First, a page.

Water and crisis in the Middle East
An event on “Water and Crisis in the Middle East” on 20 February at KfW's Berlin office was attended by around 50 guests from the realms of politics, academia, civil society as well as development cooperation professionals.
KfW Development Bank has worked in the global water sector for many decades on behalf of the Federal Ministry for Economic Cooperation and Development (BMZ). The Middle East region exemplifies the complex relationships between the water sector and various crises and challenges: water poverty, climate change, urbanisation, population growth and the influx of refugees who are currently arriving from Syria and Iraq. This leads to supply shortages in many municipalities and stretches them to the limits of what they can afford. At the same time, a functioning water supply can also make a contribution to stabilisation, health, employment and economic development in the Middle East region.
In his opening speech, FC Head of Department Helmut Gauges gave an overview of the interesting issues that would be discussed at the event and emphasised that the potential for conflicts about water would continue to increase. This makes it all the more important to undertake countermeasures now. He also touched on the German contribution: “Equitable distribution of water resources is indispensable for peace in the region. Well-functioning infrastructure is a vital foundation for stability and development. Germany is among the largest donors to the water sector in most countries in this region.
The Federal Ministry for Economic Cooperation and Development has addressed the various aspects of the role of water in the development process in its “BMZ Strategy for Interlinkages between Water, Displacement and Migration”, which formulates the principles of German development cooperation in this context. Klaus Krämer, Head of Division for the Middle East at the Federal Ministry for Economic Cooperation and Development, explained the objective of the ministry's commitment: “...improving living conditions and resilience reduces migration pressure and the causes of displacement”. Important for countries like Jordan or Lebanon, which have taken in a particularly large number of refugees: “In the process, a collective view of migrants, refugees and the local population is being taken”.
The contribution of Prof. Dr Alexander de Juan from the University of Osnabrück added to the discussion from a scientific point of view. There are many conflicts in the region that are caused by water scarcity. However, despite many years of research, there is no conclusive evidence that water poverty is one of the causes of displacement. Instead, several factors must occur simultaneously for people to actually leave their homes: weak governance structures coupled with significant cuts in social and economic areas, demographic and climate change.
At the centre of the evening was a chaired panel discussion in which representatives from Jordan, Yemen and Syria gave personal and vivid insights into the situation in their countries. State Secretary Iyad Dahiyat of the Water Authority of Jordan (WAJ) described the situation in the desert state, which has been taking in refugees from the region for many decades. For Jordan to remain an anchor of stability in the region, a functioning water supply and continuous donor commitment are needed. When asked by panel chair Stefan Zeeb (head of the Middle East department) what he would wish for if granted a single wish by his fairy godmother, Dahiyat didn't hesitate: support for the extraction of water from unconventional sources, e.g. the construction of – very expensive – desalination plants.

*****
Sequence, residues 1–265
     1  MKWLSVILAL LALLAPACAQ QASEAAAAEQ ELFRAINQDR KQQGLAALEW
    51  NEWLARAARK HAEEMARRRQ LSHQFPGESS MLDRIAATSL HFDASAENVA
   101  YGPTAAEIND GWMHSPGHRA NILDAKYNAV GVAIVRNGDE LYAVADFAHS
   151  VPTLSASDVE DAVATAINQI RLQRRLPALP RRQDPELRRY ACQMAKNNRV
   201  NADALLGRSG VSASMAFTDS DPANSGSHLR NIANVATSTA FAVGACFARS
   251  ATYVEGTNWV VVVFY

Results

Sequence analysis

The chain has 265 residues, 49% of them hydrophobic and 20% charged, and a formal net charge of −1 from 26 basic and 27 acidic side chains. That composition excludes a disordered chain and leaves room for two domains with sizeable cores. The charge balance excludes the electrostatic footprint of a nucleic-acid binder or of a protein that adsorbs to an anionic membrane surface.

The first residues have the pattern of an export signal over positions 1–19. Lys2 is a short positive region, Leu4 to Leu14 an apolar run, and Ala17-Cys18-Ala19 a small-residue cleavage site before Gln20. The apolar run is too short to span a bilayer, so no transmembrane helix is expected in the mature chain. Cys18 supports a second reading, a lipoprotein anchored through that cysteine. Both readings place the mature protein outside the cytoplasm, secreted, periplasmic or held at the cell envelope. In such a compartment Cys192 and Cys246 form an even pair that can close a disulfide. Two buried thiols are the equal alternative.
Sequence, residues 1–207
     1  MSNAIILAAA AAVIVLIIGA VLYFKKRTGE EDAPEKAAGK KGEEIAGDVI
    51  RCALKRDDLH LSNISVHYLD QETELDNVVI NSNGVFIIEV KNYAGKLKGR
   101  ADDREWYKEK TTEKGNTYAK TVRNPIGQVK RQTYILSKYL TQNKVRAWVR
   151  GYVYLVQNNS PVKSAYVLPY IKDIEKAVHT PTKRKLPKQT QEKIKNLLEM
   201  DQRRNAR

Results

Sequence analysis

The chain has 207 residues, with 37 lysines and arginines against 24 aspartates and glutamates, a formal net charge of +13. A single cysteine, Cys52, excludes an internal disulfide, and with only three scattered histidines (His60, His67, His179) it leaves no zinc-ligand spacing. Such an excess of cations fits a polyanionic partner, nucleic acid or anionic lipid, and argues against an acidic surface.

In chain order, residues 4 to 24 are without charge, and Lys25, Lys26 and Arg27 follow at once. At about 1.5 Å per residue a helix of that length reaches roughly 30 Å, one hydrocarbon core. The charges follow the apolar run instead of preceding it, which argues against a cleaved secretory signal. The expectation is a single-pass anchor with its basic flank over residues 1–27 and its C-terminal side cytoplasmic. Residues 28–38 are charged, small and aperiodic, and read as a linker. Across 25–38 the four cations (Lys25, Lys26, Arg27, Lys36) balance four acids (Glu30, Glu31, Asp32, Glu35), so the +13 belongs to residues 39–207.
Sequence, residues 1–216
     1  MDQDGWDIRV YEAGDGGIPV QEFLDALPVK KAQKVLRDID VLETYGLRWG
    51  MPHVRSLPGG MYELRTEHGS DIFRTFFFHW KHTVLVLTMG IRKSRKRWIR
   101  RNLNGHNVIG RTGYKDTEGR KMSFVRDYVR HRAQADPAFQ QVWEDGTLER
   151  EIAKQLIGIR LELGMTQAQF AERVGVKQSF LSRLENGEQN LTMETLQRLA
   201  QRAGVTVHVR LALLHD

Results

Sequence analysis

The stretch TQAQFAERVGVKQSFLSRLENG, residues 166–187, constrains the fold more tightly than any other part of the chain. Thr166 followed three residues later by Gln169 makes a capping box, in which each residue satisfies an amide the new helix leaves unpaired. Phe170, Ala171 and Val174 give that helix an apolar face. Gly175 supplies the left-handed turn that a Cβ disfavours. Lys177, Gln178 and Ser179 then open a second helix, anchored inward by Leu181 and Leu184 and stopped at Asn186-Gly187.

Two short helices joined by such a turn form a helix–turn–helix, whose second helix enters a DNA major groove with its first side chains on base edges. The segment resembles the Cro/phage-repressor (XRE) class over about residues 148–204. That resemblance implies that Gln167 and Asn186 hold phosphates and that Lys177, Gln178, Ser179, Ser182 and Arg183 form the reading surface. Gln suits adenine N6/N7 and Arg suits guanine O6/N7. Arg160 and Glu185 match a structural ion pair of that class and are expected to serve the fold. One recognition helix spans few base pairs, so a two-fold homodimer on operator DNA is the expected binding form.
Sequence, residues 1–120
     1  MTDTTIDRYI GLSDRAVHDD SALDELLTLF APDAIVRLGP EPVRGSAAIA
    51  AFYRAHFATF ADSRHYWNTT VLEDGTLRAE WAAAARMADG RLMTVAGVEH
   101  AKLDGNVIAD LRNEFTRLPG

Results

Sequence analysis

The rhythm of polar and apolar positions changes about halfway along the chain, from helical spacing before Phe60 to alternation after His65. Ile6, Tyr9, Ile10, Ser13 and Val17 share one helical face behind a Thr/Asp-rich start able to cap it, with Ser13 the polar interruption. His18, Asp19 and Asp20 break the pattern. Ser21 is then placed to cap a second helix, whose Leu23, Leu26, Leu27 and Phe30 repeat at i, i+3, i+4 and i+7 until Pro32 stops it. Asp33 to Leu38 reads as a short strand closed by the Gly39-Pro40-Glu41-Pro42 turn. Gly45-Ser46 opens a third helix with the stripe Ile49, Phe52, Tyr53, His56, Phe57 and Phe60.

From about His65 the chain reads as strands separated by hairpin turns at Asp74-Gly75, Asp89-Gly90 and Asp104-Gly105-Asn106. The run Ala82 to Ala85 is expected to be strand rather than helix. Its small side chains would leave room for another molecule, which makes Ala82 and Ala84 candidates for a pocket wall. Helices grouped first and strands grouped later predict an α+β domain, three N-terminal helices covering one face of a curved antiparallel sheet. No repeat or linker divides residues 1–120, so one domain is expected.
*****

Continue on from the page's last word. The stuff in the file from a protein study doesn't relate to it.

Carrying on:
German DC also works in the water sector in countries that are difficult to access at present. Lamis Al-Iryani, head of the evaluation unit in the Yemeni non-governmental Social Fund for Development (SFD), had a very impressive film with her, recently shot in two provinces. In the village of Alamour in Taiz province, 240 cisterns have been built with KfW funds to collect rainwater. This created jobs for nearly 1,200 workers, but above all it made the lives of women and girls easier. They used to have to fetch water in impassable terrain for several hours every day – for cooking and washing, but also as drinking water for the animals. Girls now have time for school and women can devote themselves to their children and farming. In the southern province of Abyan, the infrastructure for water supply and wastewater disposal was almost completely destroyed in the armed conflicts. With the help of SFD, pipes, pumps, administrative buildings and water reservoirs were built or rehabilitated – residents now have access to affordable water. This security of supply motivates IDPs to return to their home communities. And a job means more than income for just the next few weeks: it is hope for the future.
Dr Mohammad Kayyal, who has been Programme Management Officer in the UN Environment Programme (UNEP) in Athens and Syria since last year, also considers security of supply to be of central importance. Water projects contribute to stabilisation once people can start to plan for the future again, when supply is secure and they also see opportunities for their children. Five million Syrians live outside their country and will not return until peace and security are ensured and electricity and water are reliably available. Kayyal, who has worked in recent years as a consultant in KfW-UNICEF projects, responded to the question of what he would wish for with: “I hope that “water” will no longer be misused as a political instrument. In my opinion, this is a crime against humanity – everyone has the right to water and sanitation.”
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